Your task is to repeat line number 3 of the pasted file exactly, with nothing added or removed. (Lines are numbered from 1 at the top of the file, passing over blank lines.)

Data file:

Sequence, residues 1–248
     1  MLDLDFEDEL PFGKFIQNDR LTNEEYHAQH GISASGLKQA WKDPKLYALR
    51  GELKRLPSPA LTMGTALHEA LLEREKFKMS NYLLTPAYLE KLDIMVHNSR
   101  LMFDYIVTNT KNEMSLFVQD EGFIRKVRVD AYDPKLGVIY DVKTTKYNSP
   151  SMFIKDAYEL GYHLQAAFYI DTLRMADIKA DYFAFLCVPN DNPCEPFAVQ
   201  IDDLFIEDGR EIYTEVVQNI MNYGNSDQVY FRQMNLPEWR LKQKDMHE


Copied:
    51  GELKRLPSPA LTMGTALHEA LLEREKFKMS NYLLTPAYLE KLDIMVHNSR